T'S NOT always easy to define what exactly is wrong with America, but whatever it is, it's huge. -
Roel Ilargi Meijer, TheAutomaticEarth.com
Nobody knows, from sea to shining sea, why we're having all this trouble with our Republic. - Tom McGuane, Ninety-Two in the Shade
Despite its Valley Girl origins, the simple term "clueless" turns out to be the most accurate descriptor for America's degenerate zeitgeist. Nobody gets it - the "it" being a rather hefty bundle of issues ranging from our energy bind to the official mismanagement of money, the manipulation of markets, the crimes in banking, the blundering foreign misadventures, the revolving-door corruption in governance, the abandonment of the rule-of-law, the ominous wind-down of the Happy Motoring fiasco and the related tragedy of obsolete suburbia, the contemptuous disregard for the futures of young people, the immersive celebrity-twerking sleaze, the downward spiral of the floundering classes into pizza and Pepsi-induced obesity, methedrine psychosis and tattooed savagery, and the thick patina of public-relations dishonesty that coats all of it like some toxic bacterial overgrowth. The dwindling life of our nation, where anything goes and nothing matters.
It's not just the individual cluelessness of ordinary people leading lives too frantic for a moment's reflection about anything, but the appalling institutional cluelessness of enterprises where you'd think combined intellects might tend toward a more faithful view of reality. But these days, all we get is a low-order of wishful and clownish group-think, such as this item from a recent New York Times discussing a proposed reversal of Gazprom pipelines along the Ukraine/Slovakian frontier as the solution to the Kiev government's fuel problem:
Nearly all the gas Washington and Brussels would like to get moving into Ukraine from Europe originally came from Russia, which pumps gas westward across Ukraine, into Slovakia and then on to customers in Germany and elsewhere. Once the gas is sold, however, Gazprom ceases to be its owner and loses its power to set the terms of its sale.
Get that? To avoid depending on Russian gas, they're going to buy Russian gas from sources other than Russia. What New York Times editor can read this story without spraying her video display with coffee? What genius in John "Haircut in Search of a Brain" Kerry's State Department dreamed up this dodge? The only conclusion that the casual observer can come to is, to put it mildly, these institutions have gone completely meshugga. This is not an isolated example. For the State Department, the entire gambit in Ukraine has been a chain of obvious bungles and miscalculations, starting with our sponsored overthrow of the original elected Kiev government, and the absurd presumption that Russia had no legitimate interest in that region's stability, to the strategy of shoot-yourself-in-the-foot financial sanctions. The New York Times (once America's "Newspaper of Record") is now a completely unreliable conduit for un-parsed White House backgrounder propaganda and raw State Department spin, with an overlay of editorial PMS brain fog.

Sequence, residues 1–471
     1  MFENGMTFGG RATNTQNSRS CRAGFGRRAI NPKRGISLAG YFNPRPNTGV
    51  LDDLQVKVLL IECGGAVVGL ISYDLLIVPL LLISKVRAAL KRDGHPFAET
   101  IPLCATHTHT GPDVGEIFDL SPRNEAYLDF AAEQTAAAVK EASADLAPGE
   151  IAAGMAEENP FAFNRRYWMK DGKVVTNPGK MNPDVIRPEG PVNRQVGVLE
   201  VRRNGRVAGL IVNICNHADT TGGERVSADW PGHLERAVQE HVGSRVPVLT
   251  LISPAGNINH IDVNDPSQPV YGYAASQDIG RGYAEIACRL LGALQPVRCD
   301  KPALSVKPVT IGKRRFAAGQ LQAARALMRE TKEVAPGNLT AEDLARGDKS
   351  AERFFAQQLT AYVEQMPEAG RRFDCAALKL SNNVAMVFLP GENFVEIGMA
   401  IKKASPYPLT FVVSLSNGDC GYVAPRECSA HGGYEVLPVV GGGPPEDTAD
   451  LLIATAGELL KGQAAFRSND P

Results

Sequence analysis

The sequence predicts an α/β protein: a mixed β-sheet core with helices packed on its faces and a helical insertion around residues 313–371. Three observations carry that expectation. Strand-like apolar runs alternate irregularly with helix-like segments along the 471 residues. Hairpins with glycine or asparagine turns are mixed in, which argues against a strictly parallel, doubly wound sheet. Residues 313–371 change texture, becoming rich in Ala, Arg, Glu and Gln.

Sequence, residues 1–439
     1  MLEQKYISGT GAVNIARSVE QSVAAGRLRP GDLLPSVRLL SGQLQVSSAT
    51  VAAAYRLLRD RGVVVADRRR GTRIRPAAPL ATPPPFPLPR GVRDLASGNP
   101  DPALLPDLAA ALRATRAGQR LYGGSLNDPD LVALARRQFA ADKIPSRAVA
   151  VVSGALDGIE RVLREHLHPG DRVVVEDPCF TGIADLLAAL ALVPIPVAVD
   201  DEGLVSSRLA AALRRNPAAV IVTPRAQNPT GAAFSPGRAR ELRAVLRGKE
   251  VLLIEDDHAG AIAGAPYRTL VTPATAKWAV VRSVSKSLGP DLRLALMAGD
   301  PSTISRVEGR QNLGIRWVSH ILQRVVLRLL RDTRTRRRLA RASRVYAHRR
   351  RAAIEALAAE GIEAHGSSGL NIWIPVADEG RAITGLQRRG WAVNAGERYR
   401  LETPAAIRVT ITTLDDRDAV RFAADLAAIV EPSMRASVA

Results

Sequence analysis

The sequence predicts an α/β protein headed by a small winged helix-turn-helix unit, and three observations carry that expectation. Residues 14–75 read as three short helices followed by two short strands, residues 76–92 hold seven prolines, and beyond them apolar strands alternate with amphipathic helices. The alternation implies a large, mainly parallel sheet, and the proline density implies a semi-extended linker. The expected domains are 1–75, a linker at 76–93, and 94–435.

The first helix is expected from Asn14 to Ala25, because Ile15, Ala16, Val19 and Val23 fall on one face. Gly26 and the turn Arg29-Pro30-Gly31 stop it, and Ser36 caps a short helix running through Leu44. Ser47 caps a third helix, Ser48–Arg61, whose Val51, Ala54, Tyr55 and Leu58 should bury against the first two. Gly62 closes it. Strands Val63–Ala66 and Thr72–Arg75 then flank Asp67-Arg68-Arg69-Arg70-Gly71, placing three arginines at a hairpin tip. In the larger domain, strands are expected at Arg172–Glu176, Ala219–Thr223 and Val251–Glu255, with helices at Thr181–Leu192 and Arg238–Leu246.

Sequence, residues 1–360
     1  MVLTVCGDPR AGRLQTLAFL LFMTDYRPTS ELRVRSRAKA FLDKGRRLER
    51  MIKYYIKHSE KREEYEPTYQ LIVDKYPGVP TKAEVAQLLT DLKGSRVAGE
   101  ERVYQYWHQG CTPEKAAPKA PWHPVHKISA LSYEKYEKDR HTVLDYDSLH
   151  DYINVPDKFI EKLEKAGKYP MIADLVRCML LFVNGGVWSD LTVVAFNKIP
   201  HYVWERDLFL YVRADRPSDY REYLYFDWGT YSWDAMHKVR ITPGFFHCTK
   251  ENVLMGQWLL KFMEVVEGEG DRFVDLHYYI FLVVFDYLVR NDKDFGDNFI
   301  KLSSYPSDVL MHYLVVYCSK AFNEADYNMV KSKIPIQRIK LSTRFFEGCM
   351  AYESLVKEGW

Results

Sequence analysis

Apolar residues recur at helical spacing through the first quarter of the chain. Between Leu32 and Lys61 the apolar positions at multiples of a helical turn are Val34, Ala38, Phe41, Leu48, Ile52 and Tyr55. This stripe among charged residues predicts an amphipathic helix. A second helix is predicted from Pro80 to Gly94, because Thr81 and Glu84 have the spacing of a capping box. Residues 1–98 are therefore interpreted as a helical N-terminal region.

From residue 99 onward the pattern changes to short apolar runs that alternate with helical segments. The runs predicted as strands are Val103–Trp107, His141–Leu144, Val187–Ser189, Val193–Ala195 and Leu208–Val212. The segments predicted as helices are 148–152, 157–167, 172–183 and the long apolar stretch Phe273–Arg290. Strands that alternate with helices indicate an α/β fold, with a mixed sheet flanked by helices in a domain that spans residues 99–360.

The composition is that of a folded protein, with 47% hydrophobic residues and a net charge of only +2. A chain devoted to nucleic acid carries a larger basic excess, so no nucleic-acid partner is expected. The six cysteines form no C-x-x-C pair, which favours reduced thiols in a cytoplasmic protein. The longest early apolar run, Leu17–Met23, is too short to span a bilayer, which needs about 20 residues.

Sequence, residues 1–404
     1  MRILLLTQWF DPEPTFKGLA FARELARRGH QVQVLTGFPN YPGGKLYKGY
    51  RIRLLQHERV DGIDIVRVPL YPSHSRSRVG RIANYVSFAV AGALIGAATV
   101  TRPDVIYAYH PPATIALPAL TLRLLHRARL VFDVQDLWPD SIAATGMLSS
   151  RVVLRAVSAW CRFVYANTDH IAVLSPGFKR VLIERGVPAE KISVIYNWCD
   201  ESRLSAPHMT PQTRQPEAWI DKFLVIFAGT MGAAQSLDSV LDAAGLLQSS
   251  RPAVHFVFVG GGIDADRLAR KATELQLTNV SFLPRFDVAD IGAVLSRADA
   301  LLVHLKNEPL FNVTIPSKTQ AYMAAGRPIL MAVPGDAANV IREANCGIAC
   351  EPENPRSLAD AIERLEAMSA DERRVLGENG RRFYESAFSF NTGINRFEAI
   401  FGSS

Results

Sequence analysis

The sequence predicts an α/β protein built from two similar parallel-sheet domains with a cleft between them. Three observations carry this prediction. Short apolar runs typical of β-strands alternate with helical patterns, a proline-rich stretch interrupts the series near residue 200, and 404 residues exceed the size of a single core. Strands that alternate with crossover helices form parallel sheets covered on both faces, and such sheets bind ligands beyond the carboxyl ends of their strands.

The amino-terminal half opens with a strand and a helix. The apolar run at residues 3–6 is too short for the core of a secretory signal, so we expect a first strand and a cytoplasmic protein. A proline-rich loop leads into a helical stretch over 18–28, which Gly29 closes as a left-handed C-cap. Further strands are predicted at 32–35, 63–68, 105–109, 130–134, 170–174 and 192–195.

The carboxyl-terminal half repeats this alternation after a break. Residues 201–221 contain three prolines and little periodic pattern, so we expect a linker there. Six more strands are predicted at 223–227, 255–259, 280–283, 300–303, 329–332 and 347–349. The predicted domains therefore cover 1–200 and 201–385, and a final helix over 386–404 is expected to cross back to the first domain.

Another humdinger on a somewhat different issue caught my attention the other day in the formerly eminent, now degenerate journal Foreign Affairs (May/June 2014): "The United States of Gas," by Robert Hefner III. This idiotic article hits on all the usual wishful-thinking delusions du jour concerning this country's energy prospects, namely: Due to fracking in shale deposits we've entered an energy-and-manufacturing renaissance, we're soon-to-be the premier energy exporter to the world and U.S. "consumers" (i.e. citizens) can be assured of driving to Wal-Mart forever - in other words, all economic problems solved. These idiots (editors and fact-checkers included) must get all their information straight out of the Cambridge Energy Research Associates (CERA) PR handouts. CERA, of course, is the official public-relations shop of the oil-and-gas industry.
It's one thing that this article is patently misleading. What's worse is the complete absence of any understanding of the fundamental dynamic between the high cost of unconventional oil and gas and its effect on capital formation. In other words, the capital investment for continued future drilling will simply not exist. What a surprise that will be to the people who run this land.
There comes a point in the destiny of a failing nation when official lying is no longer distinct from official stupidity. We've crossed that boundary in the U.S. It pays to remember that societies get what they deserve, not what they expect.